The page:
BostonBruins.com - Just two weeks ago, Charlie McAvoy was a 19-year-old college kid, balancing his ascending hockey career with his academic duties. His most important exams were being taken in the classrooms dotting Commonwealth Ave.
Life, however, can change quickly, particularly when you're one of the National Hockey League's top defense prospects.
McAvoy, the 14th overall pick in last June's draft, decided to forego the final two years of his college career at Boston University and was signed by the Bruins to a three-year entry-level contract earlier this week.
He will be in the lineup Wednesday night when Boston takes on Ottawa in Game 1 of the team's first-round playoff series, during which the blueliner's biggest tests will now include defending the likes of Kyle Turris, Mike Hoffman, Mark Stone, and Erik Karlsson.
"It feels like I blinked my eyes and a second ago I was at Boston University," McAvoy said following Wednesday's morning skate. "I've already played a stint in Providence and now I'm in Ottawa for the playoffs. I mean, it's crazy. It's been a whirlwind."
Video: McAvoy speaks after first NHL practice with Bruins
The right-shot blueliner will become just the ninth Bruin in history to play a postseason game before a regular-season contest, joining Bill Anderson, Wayne Harelson Brown, John Byce, Don Cherry, Guyle Fielder, Guy LaRose, Gordon Wilson, and Chris Winnes.
"Just play," Zdeno Chara, who was paired with McAvoy during Tuesday's practice, said of the advice he can pass on to the youngster. "He's obviously a young, talented player. It's been kind of a speed track for him since he joined Providence and obviously signed with the Bruins.
"But, you don't want to overwhelm players like that with too much information or too much talking. They've just got to play and use their talent and use their hockey sense."
Much like Brandon Carlo has for the majority of his rookie season, McAvoy reaped the invaluable benefits of being paired with Chara - even if it was only for one practice.
"Oh man, I mean, the benefits are endless," said McAvoy. "You get paired up with a guy like that [Tuesday] in practice - the amount of lessons that he has, they're endless. He was giving me little pointers here and there.
"When you play with that kind of experience and that kind of career that he's had, the player that he is, there aren't really words for it. It just helps you out a lot."
While McAvoy skated alongside Chara on Tuesday, Bruins interim head coach Bruce Cassidy confirmed Wednesday that McAvoy would start the game on the right side next to Kevan Miller, though that could change as the game progresses.
"I'm just trying to stay calm and cool and realize that I'm here for a reason," said McAvoy, whose parents will be in attendance. "You don't get here by accident. I need to just embrace where I am right now and play a simple, effective hockey game. I know the guys on this team, from top to bottom, are all phenomenal players and they'll all help me a lot tonight."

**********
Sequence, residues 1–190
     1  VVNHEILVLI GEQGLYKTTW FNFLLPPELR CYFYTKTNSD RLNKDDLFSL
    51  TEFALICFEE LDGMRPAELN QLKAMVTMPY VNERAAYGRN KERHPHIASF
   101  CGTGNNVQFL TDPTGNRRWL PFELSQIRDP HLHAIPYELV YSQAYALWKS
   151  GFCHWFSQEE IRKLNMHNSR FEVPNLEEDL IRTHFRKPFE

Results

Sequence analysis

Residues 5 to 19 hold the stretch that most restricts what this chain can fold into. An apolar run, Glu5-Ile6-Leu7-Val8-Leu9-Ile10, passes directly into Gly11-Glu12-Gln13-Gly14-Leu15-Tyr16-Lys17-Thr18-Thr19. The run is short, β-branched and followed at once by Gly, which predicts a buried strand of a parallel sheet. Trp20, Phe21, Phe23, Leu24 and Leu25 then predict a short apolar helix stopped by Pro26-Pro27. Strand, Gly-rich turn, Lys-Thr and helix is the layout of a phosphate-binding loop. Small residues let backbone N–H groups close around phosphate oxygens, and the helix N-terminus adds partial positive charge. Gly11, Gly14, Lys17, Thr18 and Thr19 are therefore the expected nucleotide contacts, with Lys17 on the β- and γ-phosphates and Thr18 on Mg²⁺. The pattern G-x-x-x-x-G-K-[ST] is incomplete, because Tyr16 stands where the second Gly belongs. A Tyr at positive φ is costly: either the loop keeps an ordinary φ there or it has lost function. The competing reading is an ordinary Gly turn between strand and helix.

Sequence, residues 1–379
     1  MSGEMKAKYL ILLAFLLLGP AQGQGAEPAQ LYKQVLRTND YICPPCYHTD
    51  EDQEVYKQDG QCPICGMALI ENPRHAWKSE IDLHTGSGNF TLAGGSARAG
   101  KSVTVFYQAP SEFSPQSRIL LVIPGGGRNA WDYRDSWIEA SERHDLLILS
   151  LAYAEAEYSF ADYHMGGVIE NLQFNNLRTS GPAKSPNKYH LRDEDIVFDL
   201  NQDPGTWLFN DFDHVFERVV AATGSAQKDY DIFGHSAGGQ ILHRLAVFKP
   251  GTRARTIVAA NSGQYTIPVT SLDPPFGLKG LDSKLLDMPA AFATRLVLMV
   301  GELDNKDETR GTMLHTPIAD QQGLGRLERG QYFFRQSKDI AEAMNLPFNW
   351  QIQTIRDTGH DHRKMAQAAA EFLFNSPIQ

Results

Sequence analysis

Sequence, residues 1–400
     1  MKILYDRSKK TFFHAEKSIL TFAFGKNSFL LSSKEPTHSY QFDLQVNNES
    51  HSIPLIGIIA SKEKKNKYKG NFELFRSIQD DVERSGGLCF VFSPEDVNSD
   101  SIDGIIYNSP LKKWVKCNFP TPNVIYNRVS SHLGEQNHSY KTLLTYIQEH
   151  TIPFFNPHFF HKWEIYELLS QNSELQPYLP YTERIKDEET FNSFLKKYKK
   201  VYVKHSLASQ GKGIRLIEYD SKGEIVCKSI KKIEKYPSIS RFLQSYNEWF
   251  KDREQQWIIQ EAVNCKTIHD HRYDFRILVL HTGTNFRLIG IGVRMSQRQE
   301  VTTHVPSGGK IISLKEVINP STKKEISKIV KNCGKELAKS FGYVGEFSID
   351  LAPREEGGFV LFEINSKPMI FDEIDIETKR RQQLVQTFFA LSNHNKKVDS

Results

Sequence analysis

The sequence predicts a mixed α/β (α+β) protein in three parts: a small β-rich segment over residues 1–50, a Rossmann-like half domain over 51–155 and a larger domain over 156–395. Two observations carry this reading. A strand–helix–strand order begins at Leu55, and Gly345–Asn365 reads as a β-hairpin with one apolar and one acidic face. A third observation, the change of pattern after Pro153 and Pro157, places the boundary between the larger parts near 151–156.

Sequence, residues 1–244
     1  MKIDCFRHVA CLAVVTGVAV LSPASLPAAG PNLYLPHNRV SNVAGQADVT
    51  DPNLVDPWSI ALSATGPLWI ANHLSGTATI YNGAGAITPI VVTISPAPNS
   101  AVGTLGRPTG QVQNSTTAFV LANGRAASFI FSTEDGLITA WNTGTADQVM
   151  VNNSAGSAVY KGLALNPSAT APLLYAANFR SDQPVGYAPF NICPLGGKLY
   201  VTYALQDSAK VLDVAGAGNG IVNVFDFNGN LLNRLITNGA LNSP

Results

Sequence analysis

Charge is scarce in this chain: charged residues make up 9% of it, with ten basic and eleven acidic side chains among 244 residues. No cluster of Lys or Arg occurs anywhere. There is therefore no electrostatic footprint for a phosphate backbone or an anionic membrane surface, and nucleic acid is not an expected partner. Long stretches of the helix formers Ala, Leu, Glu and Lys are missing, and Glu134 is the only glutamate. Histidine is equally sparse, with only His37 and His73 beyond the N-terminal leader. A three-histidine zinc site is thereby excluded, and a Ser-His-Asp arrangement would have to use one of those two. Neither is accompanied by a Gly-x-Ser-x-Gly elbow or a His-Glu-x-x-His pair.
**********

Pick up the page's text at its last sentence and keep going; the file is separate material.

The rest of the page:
With injuries to Torey Krug (lower-body) and Carlo (upper-body) making them unavailable for at least the start of the Ottawa series, the Bruins turned to McAvoy, comfortable enough with his skills to have him make the jump to the NHL, despite having played just four games with the Providence Bruins.
"We feel he's able to come in and provide the depth and some of the attributes that he has," Bruins general manager Don Sweeney said earlier this week. "And you look at your team and realize you're in the playoffs and you've got to have all hands on deck. We thought that Charlie could come in and add to that group."
McAvoy played four games in the AHL, registering two assists and a plus-3 rating, while playing mostly with Providence captain Tommy Cross. His fluidity when moving the puck was on full display, as was his ability to adapt quickly to a higher level of competition.
"He played well," said Sweeney. "He supported well, playing with Tommy Cross for the most part. Charlie did what he does best in moving pucks and he stayed physical when he's supposed to. He's learning the structure and learning to play without the puck, which is an area that we wanted him to understand at the next level, that it will be much more difficult, so it's been a sharp learning curve."
The increase in speed and tempo from college to the AHL was apparent for McAvoy. And he knows the adjustment will be even greater during a Stanley Cup Playoff game.
"The players get better, the speed gets faster…you're playing with men now, men who want that puck," said McAvoy. "You've got to make every decision faster; you've got to get your feet moving quicker. I noticed it in the AHL and I thought I adapted pretty well.
"Obviously, the NHL is the best hockey in the world. So, it's going to be a quick learning curve, hopefully, for myself and I'll take it a shift at a time and a minute at a time and, throughout the game, try and pull as much as I can from my teammates in game situations and just work my hardest."
Sweeney said McAvoy is a player that "seeks out the bigger moments." And there is no denying that sentiment.
From his stellar effort at the 2017 IIHF World Junior Championship - he was named Player of the Game for the gold-medal game - to his strong performance during the first round of this year's NCAA Tournament, McAvoy has always seemed to have a flare for the dramatic.
The Bruins hope that trend continues Wednesday night.
"Throughout this process, I think I've done a good job of catching my breath and taking a step back and saying, 'Wow, don't let this moment slip away,'" said McAvoy.
"This is something I've been working for my whole life. You've just got to take a step back. I'm so grateful and thankful for these opportunities."